"It takes a brave organisation to do what we've done," says Diana Tickell, UK director of communications at children's charity Barnardo's, which has reserved its most hard-hitting and controversial campaigns for web TV.
In one sense, this seems an easier option, because web TV falls outside the remit of the Advertising Standards Authority. So when a 90-second film it had made - showing a group of hunters firing shotguns at what viewers initially think are vermin but later turn out to be young people - generated 13 complaints last November, the ASA was unable to consider them.
But there are potentially greater risks to charities than the ASA. "With TV adverts, you have complete control of the message," Tickell says. "But when your video is shown online, especially on YouTube and social networks, viewers can make their own comments about it and you have no control over what they say. You have to be prepared not to be precious about what people think of you."
This gamble paid off with the hunting advert because the balance of comments it attracted was in favour of its message, Tickell says. "We were appalled by some of the comments about young people that had been made on newspaper websites and discussion forums, so we used the same language in the film. Posting the film online and opening it up for comment was the best way to win the argument. We didn't have to tell people they were behaving inappropriately, because other viewers did it for us."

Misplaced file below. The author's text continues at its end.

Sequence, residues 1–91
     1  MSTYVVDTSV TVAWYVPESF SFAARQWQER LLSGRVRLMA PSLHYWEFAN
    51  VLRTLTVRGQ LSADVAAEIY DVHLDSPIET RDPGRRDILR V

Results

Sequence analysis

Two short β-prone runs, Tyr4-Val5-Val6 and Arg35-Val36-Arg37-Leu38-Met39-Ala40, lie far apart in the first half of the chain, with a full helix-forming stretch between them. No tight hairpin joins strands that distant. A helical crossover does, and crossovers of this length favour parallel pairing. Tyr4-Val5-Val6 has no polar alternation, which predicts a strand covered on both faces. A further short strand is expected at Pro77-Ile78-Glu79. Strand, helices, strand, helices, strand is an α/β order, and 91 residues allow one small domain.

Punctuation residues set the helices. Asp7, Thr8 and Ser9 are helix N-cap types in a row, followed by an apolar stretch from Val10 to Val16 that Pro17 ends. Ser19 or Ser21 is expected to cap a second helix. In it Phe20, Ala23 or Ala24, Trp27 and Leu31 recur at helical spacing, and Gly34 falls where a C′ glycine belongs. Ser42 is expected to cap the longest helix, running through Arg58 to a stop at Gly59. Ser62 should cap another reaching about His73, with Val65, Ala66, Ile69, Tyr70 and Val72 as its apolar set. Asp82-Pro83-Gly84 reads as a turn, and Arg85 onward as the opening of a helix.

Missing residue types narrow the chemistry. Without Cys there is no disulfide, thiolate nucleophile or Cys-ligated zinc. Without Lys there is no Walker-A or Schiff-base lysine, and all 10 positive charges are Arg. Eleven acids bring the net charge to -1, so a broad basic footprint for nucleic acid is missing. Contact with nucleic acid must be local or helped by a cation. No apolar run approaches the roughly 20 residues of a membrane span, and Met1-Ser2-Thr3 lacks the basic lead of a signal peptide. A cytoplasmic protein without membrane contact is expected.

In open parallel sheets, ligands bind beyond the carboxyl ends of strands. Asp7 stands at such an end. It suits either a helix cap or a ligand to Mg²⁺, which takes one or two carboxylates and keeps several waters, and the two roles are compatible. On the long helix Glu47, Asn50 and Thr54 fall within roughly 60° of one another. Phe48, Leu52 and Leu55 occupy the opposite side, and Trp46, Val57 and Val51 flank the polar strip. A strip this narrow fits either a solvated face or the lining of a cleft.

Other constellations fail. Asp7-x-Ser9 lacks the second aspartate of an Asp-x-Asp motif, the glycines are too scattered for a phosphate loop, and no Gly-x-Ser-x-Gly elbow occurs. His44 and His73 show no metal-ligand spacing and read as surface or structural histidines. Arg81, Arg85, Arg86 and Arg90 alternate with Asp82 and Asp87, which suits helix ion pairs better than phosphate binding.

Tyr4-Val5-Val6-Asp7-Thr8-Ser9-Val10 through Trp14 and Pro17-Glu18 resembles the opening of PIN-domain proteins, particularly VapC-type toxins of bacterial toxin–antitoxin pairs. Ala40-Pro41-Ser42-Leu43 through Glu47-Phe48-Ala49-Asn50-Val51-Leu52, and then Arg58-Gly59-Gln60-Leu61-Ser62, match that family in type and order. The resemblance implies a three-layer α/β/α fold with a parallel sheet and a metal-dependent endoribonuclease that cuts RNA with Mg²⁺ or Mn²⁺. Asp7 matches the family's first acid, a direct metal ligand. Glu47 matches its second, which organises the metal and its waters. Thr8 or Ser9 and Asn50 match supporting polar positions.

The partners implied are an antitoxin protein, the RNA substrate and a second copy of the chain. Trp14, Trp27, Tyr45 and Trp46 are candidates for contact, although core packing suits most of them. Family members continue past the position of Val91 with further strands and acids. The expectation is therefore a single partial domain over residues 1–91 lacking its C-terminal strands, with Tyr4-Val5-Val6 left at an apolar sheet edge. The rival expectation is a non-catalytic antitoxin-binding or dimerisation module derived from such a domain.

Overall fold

The film launched the charity's Children in Trouble campaign, which also included the controversial Break the Cycle TV advert, which showed a teenage girl being repeatedly slapped on the back of her head. It was produced to start a debate about the perception that children cause crime and about the use of words such as 'feral' to describe young people.
"Barnardo's had dropped off the map," Tickell says. "There was a danger of us falling out of the public mindset, so we had to launch a campaign that was cutting-edge and contemporary. The web video was a great way of doing this."
Tickell says the controversial online film stirred up interest before the launch of the TV adverts. It attracted coverage in national newspapers and on TV, she says, and the number of hits to the charity's website doubled in the six weeks after the film's launch. Research showed the full Children in Trouble campaign attracted more than 400 pieces of national press coverage and public awareness of Barnardo's rose by 33 per cent as a result.
"Like most charities, we have a limited budget so we have to make sure it works as well as it can do," says Tickell. "Web films are cheaper than TV adverts, but there are still costs involved so we have to make sure they are effective."
The hunting film was deliberately provocative, she explains. "I don't think it's shock advertising because it's no more shocking than the content of a lot of TV programmes. The campaign caused controversy because people don't expect a charity to present them with these images, but we felt the script was right for the issue."